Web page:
This device complies with Part 15 of the FCC rules. Operation is subject to the following two conditions:

    1. This device may not cause harmful interference
    2. his device must accept any interference received, including interference that may cause undesired operation.

    Note: This equipment has been tested and found to comply with the limits for Class B digital devices, pursuant to Part 15 of the FCC Rules. These limits are designed to provide reasonable protection against harmful interference in a residential installation. This equipment generates, uses and can radiate radio frequency energy and, if not installed and used in accordance with the instructions, may cause harmful interference to radio communications. However, there is no guarantee that interference will not occur in a particular installation. If this equipment does cause harmful interference to radio or television reception, which can be determined by turning the equipment off and on, the user is encouraged to try and correct the interference by one or more of the following measures:

    • Reorient or relocate the receiving antenna.
    • Increase the separation between the equipment and receiver.
    • Connect the equipment to an outlet on a circuit different from that to which the receiver is connected.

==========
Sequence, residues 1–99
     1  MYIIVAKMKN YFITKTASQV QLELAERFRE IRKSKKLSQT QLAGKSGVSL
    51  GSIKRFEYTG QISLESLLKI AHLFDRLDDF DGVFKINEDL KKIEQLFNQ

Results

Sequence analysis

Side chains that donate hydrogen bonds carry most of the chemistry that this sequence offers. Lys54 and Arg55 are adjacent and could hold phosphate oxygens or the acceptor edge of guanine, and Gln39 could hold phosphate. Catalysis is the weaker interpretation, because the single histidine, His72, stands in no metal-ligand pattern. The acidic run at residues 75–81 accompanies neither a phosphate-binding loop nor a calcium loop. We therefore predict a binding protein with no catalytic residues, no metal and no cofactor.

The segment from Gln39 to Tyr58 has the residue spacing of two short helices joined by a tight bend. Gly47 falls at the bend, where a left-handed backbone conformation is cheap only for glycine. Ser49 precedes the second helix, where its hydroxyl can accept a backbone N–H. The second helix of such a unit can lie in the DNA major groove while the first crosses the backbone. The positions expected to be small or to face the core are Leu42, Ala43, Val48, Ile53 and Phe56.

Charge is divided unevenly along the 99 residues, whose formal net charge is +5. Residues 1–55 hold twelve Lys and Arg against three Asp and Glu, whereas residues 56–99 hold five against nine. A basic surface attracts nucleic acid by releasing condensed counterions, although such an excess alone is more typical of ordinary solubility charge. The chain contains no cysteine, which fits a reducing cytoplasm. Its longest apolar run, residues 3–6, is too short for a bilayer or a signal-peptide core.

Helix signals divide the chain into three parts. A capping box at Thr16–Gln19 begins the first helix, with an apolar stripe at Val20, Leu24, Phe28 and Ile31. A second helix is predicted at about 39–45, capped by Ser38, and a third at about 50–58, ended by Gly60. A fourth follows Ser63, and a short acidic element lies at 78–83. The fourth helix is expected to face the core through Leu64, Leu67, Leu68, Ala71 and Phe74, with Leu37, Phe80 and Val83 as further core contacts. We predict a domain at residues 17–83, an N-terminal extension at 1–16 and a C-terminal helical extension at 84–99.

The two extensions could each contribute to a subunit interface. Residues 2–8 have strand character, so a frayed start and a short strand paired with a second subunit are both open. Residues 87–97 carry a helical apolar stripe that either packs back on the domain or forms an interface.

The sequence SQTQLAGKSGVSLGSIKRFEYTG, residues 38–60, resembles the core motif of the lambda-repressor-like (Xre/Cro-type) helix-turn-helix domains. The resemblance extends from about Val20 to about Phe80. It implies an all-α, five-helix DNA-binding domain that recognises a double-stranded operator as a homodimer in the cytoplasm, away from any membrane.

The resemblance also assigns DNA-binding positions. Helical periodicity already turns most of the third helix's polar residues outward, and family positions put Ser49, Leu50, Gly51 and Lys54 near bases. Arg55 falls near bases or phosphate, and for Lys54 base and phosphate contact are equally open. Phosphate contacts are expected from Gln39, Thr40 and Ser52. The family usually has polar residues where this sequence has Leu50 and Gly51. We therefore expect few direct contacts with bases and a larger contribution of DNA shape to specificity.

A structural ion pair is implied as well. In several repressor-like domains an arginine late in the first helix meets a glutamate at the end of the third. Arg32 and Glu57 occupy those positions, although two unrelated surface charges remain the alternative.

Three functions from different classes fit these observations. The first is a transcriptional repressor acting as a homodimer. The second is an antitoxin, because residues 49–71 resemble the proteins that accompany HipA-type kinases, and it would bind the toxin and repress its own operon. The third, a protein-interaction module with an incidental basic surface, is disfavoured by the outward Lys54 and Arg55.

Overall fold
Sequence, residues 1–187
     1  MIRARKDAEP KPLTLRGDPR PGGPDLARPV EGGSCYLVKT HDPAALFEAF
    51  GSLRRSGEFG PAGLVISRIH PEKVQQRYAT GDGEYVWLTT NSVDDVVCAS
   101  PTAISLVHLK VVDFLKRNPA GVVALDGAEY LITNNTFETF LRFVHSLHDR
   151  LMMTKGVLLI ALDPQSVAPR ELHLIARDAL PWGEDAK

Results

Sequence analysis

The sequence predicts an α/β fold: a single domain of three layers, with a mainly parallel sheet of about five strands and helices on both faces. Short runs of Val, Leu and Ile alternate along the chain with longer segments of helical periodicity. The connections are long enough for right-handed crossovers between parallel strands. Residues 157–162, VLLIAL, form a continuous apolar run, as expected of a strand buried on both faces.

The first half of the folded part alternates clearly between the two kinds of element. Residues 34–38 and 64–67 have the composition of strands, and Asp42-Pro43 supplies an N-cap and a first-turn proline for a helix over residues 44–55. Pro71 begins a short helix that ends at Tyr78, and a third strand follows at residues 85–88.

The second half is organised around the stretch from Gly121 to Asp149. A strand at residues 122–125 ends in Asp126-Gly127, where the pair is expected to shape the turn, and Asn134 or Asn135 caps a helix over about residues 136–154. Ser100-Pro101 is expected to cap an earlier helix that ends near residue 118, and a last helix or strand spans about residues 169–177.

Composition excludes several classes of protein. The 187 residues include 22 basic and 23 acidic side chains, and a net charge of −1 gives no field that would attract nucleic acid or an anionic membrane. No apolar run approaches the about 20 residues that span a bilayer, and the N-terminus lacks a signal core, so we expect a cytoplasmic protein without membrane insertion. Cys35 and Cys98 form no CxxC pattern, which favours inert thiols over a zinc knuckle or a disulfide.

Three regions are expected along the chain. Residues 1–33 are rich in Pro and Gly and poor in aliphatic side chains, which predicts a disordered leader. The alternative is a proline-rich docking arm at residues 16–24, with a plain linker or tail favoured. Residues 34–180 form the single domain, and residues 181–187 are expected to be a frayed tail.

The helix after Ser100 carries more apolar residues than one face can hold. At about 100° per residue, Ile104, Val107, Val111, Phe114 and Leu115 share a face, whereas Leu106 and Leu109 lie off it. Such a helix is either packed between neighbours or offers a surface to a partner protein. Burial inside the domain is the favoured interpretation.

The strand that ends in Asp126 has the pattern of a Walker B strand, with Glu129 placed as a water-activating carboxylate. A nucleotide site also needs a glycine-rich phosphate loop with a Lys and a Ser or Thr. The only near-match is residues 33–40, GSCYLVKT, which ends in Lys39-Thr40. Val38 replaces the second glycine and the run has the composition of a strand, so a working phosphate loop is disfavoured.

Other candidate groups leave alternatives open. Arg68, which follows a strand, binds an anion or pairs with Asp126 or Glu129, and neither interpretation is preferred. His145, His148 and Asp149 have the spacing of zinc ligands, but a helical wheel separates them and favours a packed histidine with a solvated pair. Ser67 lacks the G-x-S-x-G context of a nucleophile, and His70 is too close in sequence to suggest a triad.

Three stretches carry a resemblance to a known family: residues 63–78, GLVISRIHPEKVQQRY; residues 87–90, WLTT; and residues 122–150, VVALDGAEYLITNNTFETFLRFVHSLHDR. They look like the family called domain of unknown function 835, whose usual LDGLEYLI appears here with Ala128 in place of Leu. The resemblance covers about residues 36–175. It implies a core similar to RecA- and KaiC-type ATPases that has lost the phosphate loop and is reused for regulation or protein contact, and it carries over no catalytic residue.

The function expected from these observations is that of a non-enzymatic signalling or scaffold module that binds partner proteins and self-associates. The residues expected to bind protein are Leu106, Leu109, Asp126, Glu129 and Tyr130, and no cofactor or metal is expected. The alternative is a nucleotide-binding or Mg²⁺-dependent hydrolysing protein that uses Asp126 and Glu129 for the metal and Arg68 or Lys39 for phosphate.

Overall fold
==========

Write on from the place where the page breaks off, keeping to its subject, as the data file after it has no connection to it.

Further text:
• Consult the dealer or a qualified technician for help.

    Note: Changes or modifications not expressly approved by Orange Music Electronic Company, Ltd. could void the user’s authority to operate the equipment.

    For customers in Canada: Where indicated or stated on the product/unit: This Class B digital apparatus complies with Canadian Interference Regulations CAN ICES-3(B)/NMB-3(B).

    For product operation manual and warranty information, please visit: orangeamps.com.

    All products are certified/tested to relevant safety standards. For further information please contact us. orangeamps.com/contact.

Voltage selection

    The voltage-selector switch and mains fuse are set at the factory for the country or region in which this Orange product is intended to be sold. To prevent serious damage to the product, ensure that the rated AC mains voltage indicated on the product’s rear panel agrees with the mains voltage from your AC mains inlet before connecting the IEC power cable.

    If the product is to be used outside of the factory-set region, please ensure the voltage-selector switch (found on the rear or side panel) is set to the correct voltage for the new country/region and that the appropriate mains fuse is fitted in the pull-out fuse tray below the IEC mains input.